An impingement on journalistic immunity
Recent cases point to freedom of press with limits
The detention of the editor of an on-line arts and culture magazine earlier this week reveals the fragile state of journalistic immunity in Israel, and represents one of several recent cases in which the police have impinged on this immunity.
The editor of the Internet publication Ma'arav, Ronen Eidelman, posted photos on the Web site showing the burning of one of the bull statues on Rothschild Boulevard in Tel Aviv. The statues are part of a PR campaign sponsored by the stock exchange and a number of large companies.
Painted blue and white and sponsored by El Al Israel Airlines, the statue presumably was set alight in protest over harnessing culture to big business.
Eidelman said he had decided to post the photos without seeking the identity of the photographer in order to spark debate. However, detectives arrived at his apartment Tuesday morning, and told him he was a suspect in the arson. They impounded all his computer equipment, and asked him to come in for questioning.
When the officers were persuaded that Eidelman was not involved in the arson, they pressed him for the photographer's identity. He refused, citing the obligation of a journalist to protect his sources.
The police responded that this clause in the journalists' code of ethics did not apply to him, and in any case,the law regarding journalistic immunity was "general and unclear."
Moshe Negbi, a legal expert and lecturer on journalistic ethics at the Hebrew University of Jerusalem, says the police are not entirely wrong in their assessment. Journalistic immunity "in fact does not exist," he says. There is no legal impediment to the police confiscating material as they did in Eidelman's case, and using it to uncover the source's identity, Negbi says.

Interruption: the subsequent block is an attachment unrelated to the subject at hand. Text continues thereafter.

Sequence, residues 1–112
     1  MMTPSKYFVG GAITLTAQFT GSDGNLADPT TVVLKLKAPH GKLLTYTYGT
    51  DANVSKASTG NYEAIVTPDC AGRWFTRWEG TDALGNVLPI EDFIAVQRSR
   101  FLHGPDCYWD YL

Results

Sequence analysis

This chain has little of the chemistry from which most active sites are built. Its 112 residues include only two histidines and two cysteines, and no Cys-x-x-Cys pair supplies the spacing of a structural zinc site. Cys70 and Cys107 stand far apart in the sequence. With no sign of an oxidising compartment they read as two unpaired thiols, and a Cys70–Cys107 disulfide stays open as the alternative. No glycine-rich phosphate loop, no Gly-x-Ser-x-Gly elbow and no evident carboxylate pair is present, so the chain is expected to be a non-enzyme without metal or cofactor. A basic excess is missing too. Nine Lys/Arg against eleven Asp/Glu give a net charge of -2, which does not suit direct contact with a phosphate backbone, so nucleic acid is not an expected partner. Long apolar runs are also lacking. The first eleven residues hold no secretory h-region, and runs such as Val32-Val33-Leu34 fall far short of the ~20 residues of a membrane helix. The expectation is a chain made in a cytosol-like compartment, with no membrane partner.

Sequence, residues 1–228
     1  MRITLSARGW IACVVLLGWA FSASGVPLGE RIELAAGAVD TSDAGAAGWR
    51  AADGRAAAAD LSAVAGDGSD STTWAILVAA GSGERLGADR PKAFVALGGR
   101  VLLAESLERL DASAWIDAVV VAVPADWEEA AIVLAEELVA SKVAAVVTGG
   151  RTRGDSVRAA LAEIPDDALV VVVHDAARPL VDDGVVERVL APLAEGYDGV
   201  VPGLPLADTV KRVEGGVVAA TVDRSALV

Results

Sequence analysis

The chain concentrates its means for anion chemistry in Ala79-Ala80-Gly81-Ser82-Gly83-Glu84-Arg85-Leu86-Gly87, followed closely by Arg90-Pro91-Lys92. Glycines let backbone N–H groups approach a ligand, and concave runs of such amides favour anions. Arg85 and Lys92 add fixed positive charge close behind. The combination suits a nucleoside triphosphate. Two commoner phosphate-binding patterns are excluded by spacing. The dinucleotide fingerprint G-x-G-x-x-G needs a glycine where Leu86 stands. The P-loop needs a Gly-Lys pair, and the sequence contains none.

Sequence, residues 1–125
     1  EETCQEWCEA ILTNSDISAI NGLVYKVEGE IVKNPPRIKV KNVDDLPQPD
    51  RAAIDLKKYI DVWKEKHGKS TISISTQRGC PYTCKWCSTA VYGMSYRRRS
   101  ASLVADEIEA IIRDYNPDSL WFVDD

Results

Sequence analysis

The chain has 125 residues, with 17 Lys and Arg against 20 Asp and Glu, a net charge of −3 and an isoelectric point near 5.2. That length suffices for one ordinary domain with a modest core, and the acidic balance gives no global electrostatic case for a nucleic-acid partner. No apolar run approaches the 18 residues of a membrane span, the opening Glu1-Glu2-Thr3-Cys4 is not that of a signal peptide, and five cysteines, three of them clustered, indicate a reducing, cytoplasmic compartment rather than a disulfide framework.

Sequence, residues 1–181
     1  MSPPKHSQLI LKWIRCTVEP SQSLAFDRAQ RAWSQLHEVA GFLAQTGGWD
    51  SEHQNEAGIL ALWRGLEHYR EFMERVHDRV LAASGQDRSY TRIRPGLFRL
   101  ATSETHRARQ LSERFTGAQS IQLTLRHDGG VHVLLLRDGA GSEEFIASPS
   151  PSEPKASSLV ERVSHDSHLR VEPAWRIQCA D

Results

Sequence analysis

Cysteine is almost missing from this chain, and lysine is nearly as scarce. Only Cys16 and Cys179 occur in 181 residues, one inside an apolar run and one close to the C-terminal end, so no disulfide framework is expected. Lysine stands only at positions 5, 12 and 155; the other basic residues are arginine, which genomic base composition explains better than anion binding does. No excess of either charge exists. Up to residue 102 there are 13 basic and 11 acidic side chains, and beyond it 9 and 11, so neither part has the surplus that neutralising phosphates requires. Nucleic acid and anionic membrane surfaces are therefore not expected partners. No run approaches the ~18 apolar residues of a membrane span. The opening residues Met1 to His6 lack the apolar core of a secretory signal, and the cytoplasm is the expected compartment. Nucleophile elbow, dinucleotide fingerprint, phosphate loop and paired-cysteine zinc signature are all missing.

In a number of recent cases, the police have marred journalistic immunity. At the beginning of the month, Tel Aviv Magistrate's Court Judge Miriam Diskin ruled that the Channel 2's "Fact" investigative program had to turn over unedited and unaired material from an interview with the principals in the Trojan horse affair - Michael and Ruth Haefrati. Diskin's ruling was not challenged by an appeal, because the Haefratis subsequently authorized the transfer of the material.
"In the question of the balance between the interest of freedom of information, and the public well-being and meeting the needs of the investigation, the obvious answer is to prefer the protection of the latter," the judge wrote.
In another case now before the court, the police have demanded that unedited documentation by the media of the evacuation of Amona be turned over to them. The daily papers did not oppose the demand. However, the Channel 2 news company asked the Jerusalem Magistrate's Court to annul the police order. Lawyers for the channel argued that the demand opposes freedom of the press and recognition by the High Court of Justice of journalistic immunity in its decision in the Citrin ruling.
However, Negbi explains that the Citrin ruling grants only partial journalistic immunity; it recognizes the right of journalists to protect their sources, but not the right to protect materials they have received. Negbi calls this "a very serious loophole." Even if a journalist has assured his source that statements have been made off the record, "the police can demand the material, and claim that non-compliance constitutes obstruction of justice. The journalist is completely defenseless in such a case," Negbi says.
Such was the case with the "Fact" interview, but Negbi says the Eidelman case is different. "This was a public event. There is no obligation toward the demonstrators, and therefore, the media is divided over the issues. Some believe the media must not be seen as an 'agent' of the police, while others say it is their public obligation to stand with law enforcement."
The recent spate of incidents underscores the need for proper legislation to anchor journalistic immunity, which despite efforts, for example by Uri Avneri in the 1970s, has not passed.
"The Knesset isn't interested in such legislation," Negbi says. "It strengthens journalists and protects those who leak information, which MKs are not interested in doing."